Less Rate Hikes, Less TIPS

Ren has been a persistent buyer of Treasury inflation-protected securities (TIPS) in 2017, but said he scaled back his purchases in 2018. The yield on TIPS move in conjunction with rising interest rates—a desirable feature last year when the Federal Reserve instituted four rate hikes, but may not be as necessary in 2019 given the growth prospects of the economy.

“I thought 2017 would be a good year because that’s the year we all talked about synchronized global growth,” Mr. Ren said. “But we didn’t see [inflation], and now, all the data shows a slowdown.”

Last week during his semiannual testimony before Congress, Federal Reserve Chairman Jerome Powell said that “crosscurrents and conflicting signals” are warranting a patient approach with respect to interest rate policy.

In a prepared testimony to Congress, Powell said that domestic and global developments have “along with ongoing government policy uncertainty, warranted taking a patient approach with regard to future policy changes.” Furthermore, Powell said that economic data will continue to be the primary driver in future Fed decisions, but will be more flexible with the inclusion of new data.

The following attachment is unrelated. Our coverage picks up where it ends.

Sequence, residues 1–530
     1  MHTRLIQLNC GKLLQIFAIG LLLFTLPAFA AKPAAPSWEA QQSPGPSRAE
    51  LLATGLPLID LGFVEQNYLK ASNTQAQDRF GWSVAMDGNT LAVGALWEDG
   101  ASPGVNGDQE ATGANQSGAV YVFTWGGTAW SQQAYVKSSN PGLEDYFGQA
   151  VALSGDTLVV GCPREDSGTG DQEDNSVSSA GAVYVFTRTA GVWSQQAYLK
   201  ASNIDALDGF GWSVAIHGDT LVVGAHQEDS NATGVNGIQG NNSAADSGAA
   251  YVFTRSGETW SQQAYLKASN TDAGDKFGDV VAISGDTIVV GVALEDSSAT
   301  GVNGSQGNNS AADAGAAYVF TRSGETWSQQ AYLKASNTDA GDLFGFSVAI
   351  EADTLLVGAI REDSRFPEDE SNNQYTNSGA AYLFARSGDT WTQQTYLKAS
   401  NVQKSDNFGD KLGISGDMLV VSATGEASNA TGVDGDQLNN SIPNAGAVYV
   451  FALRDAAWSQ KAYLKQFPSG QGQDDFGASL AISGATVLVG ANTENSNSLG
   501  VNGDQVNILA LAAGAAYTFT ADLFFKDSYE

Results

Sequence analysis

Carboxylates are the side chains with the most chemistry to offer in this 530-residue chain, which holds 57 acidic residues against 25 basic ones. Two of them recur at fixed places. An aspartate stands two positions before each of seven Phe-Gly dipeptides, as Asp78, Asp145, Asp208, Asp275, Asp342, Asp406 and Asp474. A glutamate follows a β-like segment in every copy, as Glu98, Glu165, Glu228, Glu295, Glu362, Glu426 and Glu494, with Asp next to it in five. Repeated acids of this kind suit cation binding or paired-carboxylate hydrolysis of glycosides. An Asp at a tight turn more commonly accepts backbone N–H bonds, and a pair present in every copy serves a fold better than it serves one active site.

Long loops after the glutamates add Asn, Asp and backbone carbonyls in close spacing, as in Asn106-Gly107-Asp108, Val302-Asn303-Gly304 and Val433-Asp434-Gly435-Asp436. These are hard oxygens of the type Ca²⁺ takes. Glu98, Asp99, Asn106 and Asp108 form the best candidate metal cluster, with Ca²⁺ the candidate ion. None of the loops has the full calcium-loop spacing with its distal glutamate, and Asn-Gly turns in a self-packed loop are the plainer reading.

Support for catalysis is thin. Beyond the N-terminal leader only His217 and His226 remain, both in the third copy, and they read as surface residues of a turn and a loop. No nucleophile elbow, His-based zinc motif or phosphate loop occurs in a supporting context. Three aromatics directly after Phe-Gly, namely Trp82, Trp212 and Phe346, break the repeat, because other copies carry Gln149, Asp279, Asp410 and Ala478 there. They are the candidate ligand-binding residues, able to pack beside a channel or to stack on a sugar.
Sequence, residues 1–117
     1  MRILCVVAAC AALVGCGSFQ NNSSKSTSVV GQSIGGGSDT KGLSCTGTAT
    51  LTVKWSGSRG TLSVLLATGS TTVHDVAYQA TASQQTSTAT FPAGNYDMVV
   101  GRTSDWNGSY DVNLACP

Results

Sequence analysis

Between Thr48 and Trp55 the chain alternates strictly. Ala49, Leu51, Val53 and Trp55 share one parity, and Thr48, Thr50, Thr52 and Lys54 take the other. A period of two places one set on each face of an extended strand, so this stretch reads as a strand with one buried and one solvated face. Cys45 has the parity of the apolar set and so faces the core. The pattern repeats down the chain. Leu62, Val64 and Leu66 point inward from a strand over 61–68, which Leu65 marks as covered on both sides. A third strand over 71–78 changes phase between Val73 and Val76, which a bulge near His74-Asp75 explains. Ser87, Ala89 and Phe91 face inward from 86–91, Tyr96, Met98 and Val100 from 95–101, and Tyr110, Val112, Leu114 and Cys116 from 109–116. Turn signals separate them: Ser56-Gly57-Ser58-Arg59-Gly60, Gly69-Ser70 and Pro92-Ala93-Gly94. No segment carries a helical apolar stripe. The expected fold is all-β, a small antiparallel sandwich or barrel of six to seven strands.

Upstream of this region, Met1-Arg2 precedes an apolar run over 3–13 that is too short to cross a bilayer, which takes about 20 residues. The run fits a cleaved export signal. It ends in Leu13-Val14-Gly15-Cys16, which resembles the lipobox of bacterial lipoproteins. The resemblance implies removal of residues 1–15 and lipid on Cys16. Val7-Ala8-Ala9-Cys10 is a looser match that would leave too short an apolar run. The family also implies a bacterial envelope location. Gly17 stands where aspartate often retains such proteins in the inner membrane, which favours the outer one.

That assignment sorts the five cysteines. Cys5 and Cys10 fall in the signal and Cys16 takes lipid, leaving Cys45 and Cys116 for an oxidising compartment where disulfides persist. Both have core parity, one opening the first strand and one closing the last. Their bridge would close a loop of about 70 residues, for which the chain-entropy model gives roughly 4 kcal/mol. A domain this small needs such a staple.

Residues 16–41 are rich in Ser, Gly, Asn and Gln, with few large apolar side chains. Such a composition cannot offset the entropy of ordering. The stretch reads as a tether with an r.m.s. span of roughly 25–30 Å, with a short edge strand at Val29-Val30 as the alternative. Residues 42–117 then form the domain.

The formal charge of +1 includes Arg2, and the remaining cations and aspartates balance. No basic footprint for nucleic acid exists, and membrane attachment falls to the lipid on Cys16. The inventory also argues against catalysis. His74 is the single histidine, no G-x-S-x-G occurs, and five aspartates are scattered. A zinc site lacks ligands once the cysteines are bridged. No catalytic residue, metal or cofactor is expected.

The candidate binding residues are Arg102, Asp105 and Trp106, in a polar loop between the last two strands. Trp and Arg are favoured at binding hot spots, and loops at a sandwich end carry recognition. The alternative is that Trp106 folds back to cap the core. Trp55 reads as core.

“Going forward, our policy decisions will continue to be data dependent and will take into account new information as economic conditions and the outlook evolve,’’ Powell told the Senate Banking Committee. “We’re in no rush to make a judgment about changes in policy.”

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